Also, even if they received public money, artists like Céline Dion, Guy Laliberté (Le Cirque du Soleil) and even Gilles Vigneault were able to remain popular for so long because the product they offer was in demand. We can’t say much of the same for most of the finalists of Star Académie (Quebec Idol), whom for the most part have been forgotten.

The PQ’s nationalism is quite obvious with its desire to firm up Bill 101; notably by barring those who don’t have the right (based on the constitution) to English post-secondary education. I myself went to an English cégep, and I haven’t assimilated. My proficiency in English during these three years had improved light-years beyond what English classes taught me in the seven preceding years. But it probably doesn’t matter for Marois; I’m one of “us” and most therefore be united to “the people”.

It is also for that reason that the PQ wants to extend language requirements for businesses with more than 10 employees (the minimum is now 50). Should this happen, we will see that businesses do indeed incorporate more French in the work environment. But we will not see businesses that have not been created or that have not expanded beyond 10 employees in order to avoid the cost of Frenchification, just like what happens in France with workers committee[3].

However, since the PQ is a minority government and the CAQ and PLQ are less nationalistic and socialistic, most of the policies are unlikely to be adopted. And it would be a good thing: Marois’ willingness to simply abolish the tuition hike with a decree would set a dangerous precedent. Indeed, student boycotters – they refused to consume the product of education and were therefore boycotting their classes –, despite all their riots, vandalism and violence, would have won a victory implying that destroying is the way to win. Well, not quite: the CLASSÉ, the most radical fringe of boycotters[4] will now be demonstrating to get free schooling[5], not just tuition freeze.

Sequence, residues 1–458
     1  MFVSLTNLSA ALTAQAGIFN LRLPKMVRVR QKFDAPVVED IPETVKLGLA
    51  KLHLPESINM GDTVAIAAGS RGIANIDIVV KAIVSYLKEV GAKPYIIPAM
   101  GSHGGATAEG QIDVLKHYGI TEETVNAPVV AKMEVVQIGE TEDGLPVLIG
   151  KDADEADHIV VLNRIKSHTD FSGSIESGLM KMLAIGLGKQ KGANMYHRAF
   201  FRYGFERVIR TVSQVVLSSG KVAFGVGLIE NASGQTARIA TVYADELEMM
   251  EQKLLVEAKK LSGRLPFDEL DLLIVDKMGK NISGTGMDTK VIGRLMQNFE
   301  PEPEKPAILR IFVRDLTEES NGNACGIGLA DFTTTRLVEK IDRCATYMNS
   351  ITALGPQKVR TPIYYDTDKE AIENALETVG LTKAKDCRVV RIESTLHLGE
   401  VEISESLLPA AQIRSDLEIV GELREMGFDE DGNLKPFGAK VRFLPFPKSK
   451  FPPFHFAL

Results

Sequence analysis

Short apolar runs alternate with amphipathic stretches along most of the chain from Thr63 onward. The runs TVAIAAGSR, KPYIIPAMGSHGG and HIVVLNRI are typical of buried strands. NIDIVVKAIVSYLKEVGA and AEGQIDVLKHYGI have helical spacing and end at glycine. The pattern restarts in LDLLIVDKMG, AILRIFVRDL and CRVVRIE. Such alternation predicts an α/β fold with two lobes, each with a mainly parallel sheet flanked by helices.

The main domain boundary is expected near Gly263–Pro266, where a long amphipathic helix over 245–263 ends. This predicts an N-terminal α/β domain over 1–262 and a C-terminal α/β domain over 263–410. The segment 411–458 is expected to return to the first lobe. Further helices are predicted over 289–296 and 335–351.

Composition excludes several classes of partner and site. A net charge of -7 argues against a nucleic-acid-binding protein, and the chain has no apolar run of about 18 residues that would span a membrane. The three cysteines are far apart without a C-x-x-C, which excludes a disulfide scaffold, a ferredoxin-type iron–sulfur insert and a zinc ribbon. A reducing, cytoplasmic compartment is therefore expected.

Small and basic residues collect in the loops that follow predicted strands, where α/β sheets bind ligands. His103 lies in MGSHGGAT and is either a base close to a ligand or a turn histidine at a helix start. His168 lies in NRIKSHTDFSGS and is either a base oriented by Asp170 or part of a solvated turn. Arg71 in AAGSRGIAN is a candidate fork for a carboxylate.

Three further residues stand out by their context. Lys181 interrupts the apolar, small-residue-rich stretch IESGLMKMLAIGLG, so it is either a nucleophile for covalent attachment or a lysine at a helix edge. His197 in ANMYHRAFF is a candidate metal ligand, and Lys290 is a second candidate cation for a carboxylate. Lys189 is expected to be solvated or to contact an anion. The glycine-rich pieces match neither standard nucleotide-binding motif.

People Can’t Think for Themselves

The other marking event of September 4th was of course the (apparent) assassination attempt of Marois in the hands of Richard Bain. What he muttered, “The anglophones are waking up”, created the wildest speculations from labour unions[6], language lobbyists[7] and even fringe right-wing (for limited government) parties[8]. But this way, all these people imply that Mr Bain was a totally irrational being, and that he unconsciously obeyed various orders. Unless he was mentally ill (the judge will decide), then he was perfectly sane. Even if he did hear some hateful messages, it is of absolutely no importance. He held the gun and shot.  It was not some “trash” radio host of anglophone journalist.  Bain might get accused and jailed for what he did, but no one else should.

In conclusion, the 2012 Quebec election was a rather strange one. Despite the extreme unpopularity of the PLQ (according to surveys), the party only lost 14 seats, while the PQ only gained four more. In order words, the province’s first female Premier (if a politician’s sex is of any importance) is likely to have a very animated first term. Unless, of course, she gives up her radical economic and social ideas and finally realizes that Quebec is a province whose potential is simply chocked by too many regulations and taxes.


One Response to “How to Interpret the Quebec Elections”

  1. lemoutongris says:

    Marois' decree to abolish tuition hike (and keep the improvment in the loans and bursaries) is now effective…